Another GamesBeat is just around the corner and Dean Takahashi, veteran games journalist and lead writer for VentureBeat’s gaming-focused section has been hard at work organizing the annual industry event. Dean took time to answer a few burning questions we had about the event and its Game of Thrones theme and what trends will have the biggest impact on the industry this year.

GamesBeat is now in its seventh year and in that relatively short span of time in the scheme of things, the games industry has gone through so many changes. How has GamesBeat as an event evolved to stay on the crest of these changes?

When we started in 2009, social gaming on Facebook was hot, and many of our speakers reflected that. The heat shifted to mobile gaming on the iPhone, and our next conferences also followed that. Social casino games became hot. So did the next-generation consoles and League of Legends. Now it’s eSports and virtual reality. Each year, we try to anticipate the trends and the newsmakers, and we begin talking with potential speakers early. We know what’s hot because we write about that news every day. We see lots of fundings and acquisitions happen in China, and it’s not hard to detect the big wave of interest in that market. We also use an advisory board from the industry to tell us what’s going to be the next issue or theme to focus on. Our topic is always gaming, but covering what is at the leading edge of gaming keeps changing.

The focus this time is on gaming’s international explosion in and on sustainability in the business. What was behind the decision to focus on these key subjects?

We’re going where the game industry is going and much of the news in the past year has focused on these topics. Gaming’s opportunity has never been bigger as mobile and online games find audiences all around the globe. At the same time, the competition has never been tougher. So even as opportunity abounds, the challenge of growing a profitable game company has never been tougher.

What should attendees expect from this year’s event?

They’ll hear plenty of thought-provoking talks from the leaders of the industry, across categories such as finance, monetization, virtual reality, augmented reality, game development, eSports, mobile gaming and consoles. We’ve also got more women speaking than ever before, and we’ll be probing into the uncomfortable topics related to Internet hate and the lack of diversity. We also have hopeful talks about the future of gaming technology, brands in games, creativity and user-generated content.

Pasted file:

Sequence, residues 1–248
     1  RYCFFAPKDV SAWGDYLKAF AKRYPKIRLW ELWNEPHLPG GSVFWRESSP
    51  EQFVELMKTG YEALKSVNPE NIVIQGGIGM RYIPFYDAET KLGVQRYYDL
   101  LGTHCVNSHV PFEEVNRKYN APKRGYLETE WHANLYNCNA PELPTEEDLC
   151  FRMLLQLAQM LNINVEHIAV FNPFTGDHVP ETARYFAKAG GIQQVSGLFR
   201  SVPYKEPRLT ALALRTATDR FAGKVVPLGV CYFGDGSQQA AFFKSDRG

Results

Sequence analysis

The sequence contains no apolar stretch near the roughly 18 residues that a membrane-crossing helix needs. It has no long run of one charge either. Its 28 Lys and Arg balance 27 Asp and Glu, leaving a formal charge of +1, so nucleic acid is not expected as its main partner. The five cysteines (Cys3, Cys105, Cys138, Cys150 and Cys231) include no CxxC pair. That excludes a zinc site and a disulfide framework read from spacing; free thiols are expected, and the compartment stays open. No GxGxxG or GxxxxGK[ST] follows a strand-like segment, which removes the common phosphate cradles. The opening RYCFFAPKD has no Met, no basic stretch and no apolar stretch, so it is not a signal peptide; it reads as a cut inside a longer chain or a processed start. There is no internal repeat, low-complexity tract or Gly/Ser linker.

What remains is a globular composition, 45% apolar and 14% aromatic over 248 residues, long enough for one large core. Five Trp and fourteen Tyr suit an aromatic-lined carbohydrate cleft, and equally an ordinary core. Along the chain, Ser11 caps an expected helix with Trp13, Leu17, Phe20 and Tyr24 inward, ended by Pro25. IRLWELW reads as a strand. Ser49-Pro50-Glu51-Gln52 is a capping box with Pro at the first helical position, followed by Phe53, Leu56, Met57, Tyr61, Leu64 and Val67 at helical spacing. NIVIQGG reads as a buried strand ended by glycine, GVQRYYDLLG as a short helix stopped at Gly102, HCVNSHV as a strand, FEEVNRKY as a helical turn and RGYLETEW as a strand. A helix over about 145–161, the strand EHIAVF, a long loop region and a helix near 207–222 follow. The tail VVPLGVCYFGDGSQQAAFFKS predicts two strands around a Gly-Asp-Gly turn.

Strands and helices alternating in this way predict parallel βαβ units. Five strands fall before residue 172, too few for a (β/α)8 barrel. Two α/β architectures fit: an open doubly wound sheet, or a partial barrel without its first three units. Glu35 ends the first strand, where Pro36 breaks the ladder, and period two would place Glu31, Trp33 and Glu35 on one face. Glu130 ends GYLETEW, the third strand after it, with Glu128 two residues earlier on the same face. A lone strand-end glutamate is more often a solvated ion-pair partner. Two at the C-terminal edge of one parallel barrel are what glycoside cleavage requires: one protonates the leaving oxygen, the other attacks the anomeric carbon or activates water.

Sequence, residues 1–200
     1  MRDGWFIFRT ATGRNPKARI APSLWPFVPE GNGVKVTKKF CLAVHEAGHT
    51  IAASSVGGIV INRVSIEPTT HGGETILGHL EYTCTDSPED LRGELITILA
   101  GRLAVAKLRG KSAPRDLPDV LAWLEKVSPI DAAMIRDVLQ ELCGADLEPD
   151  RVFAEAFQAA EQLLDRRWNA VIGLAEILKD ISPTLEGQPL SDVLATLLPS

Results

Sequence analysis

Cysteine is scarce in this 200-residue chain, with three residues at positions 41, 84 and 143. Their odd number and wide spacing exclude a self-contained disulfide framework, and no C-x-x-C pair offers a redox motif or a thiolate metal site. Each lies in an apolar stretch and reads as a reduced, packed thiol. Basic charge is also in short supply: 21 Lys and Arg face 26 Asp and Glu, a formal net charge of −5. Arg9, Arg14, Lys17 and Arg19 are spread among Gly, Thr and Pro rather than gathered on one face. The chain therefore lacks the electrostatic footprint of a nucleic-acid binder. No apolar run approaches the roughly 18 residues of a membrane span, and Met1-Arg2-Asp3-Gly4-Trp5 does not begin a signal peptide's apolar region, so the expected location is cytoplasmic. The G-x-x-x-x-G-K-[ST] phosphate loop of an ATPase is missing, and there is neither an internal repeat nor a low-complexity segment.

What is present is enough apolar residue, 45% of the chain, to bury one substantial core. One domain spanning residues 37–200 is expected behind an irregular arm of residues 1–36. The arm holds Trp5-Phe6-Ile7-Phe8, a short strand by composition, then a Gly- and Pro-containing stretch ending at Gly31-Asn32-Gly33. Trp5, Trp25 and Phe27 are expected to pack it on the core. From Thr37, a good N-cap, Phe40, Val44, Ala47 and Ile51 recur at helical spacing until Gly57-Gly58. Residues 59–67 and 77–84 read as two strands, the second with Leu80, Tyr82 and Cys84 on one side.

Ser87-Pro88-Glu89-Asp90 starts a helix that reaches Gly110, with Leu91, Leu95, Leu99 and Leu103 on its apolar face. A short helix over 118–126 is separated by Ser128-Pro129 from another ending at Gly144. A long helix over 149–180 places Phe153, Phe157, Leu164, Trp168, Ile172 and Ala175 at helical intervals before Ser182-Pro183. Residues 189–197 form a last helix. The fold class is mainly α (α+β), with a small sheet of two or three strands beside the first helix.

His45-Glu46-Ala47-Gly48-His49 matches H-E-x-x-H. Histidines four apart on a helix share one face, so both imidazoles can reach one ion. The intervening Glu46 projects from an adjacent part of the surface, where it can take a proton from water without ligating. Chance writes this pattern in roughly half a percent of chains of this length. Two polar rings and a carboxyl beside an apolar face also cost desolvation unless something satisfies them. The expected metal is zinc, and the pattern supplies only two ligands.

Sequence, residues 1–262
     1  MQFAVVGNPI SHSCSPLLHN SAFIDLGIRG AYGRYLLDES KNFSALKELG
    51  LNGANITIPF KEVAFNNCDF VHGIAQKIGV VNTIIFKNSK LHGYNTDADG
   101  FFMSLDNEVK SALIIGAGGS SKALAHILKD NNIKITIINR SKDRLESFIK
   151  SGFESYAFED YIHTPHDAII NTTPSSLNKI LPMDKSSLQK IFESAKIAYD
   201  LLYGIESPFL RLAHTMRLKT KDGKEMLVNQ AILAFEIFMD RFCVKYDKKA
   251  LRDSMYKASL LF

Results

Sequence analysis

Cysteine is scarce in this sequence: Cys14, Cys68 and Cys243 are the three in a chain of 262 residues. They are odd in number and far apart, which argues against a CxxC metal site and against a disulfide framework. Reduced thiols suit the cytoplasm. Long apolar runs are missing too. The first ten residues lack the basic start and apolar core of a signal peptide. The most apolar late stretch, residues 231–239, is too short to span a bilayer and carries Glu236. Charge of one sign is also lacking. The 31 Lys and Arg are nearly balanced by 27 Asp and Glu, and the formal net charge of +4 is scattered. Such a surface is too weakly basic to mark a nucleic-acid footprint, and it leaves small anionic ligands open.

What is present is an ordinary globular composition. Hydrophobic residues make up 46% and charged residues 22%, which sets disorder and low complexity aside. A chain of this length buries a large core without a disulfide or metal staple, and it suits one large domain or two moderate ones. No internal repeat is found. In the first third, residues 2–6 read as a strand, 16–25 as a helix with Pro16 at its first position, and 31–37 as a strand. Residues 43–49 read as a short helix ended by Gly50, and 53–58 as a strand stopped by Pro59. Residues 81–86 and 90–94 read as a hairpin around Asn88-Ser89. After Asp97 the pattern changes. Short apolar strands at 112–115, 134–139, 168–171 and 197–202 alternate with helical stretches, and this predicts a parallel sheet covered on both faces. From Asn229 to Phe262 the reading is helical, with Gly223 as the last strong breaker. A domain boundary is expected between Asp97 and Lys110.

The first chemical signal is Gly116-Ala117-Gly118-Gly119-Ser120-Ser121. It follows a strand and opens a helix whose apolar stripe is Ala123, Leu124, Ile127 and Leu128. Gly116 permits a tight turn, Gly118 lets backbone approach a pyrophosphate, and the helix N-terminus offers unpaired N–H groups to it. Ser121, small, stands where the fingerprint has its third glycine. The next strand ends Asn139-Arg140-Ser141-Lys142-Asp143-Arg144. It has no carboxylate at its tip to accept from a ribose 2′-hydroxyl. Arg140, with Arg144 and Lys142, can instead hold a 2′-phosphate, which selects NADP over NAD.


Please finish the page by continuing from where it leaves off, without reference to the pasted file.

In your mind, what are the most important trends in gaming that will have the biggest impact on the industry?

I would say that the wheels of diversity have finally started rolling, and that will play out in many ways. We’ll have new focus in diversity of skills, ideas, game characters and audiences. We’re also just at the beginning stages of figuring out what is a true global gaming company.

The theme this year looks at gaming s many kingdoms or realms from mobile and console to PC and so forth. Is this comparison of the industry to Game of Thrones apt?

We chose Game of Thrones as our theme because the competition is cutthroat, particularly in mobile where the market has consolidated around a handful of winners, after a very Darwinian process that started out with great hopes for indie game makers. Game companies have to constantly adapt, and some are doing it by increasing their budgets for mobile game development and user acquisition. Others are adapting by moving into new markets such as virtual reality, or making sure that their games are eSports-friendly. We’ve also see that the U.S. and Japanese game makers are no longer dominant. With mobile, we’ve finally reached a true global market, and companies from Helsinki to China are now the potential leaders.